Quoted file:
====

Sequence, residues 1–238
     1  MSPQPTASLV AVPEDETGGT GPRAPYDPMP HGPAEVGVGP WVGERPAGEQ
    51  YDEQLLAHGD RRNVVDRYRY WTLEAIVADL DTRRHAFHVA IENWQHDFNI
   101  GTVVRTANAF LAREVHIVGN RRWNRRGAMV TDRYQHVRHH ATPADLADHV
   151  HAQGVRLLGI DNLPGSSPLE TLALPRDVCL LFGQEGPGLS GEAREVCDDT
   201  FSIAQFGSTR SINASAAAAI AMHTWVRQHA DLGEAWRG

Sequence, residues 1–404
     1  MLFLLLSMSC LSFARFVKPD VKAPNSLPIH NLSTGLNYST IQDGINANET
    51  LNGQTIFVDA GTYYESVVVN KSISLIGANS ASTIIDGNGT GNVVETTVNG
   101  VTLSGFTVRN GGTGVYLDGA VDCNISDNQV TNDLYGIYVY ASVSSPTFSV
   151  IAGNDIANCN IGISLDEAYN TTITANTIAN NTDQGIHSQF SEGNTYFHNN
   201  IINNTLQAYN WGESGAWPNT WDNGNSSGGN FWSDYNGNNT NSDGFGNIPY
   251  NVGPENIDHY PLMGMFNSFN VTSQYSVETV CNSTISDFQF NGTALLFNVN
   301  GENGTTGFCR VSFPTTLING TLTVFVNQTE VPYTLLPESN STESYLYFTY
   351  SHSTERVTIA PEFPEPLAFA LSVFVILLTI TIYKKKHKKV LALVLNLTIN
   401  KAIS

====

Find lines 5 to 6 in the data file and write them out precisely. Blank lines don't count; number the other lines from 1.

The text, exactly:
   151  HAQGVRLLGI DNLPGSSPLE TLALPRDVCL LFGQEGPGLS GEAREVCDDT
   201  FSIAQFGSTR SINASAAAAI AMHTWVRQHA DLGEAWRG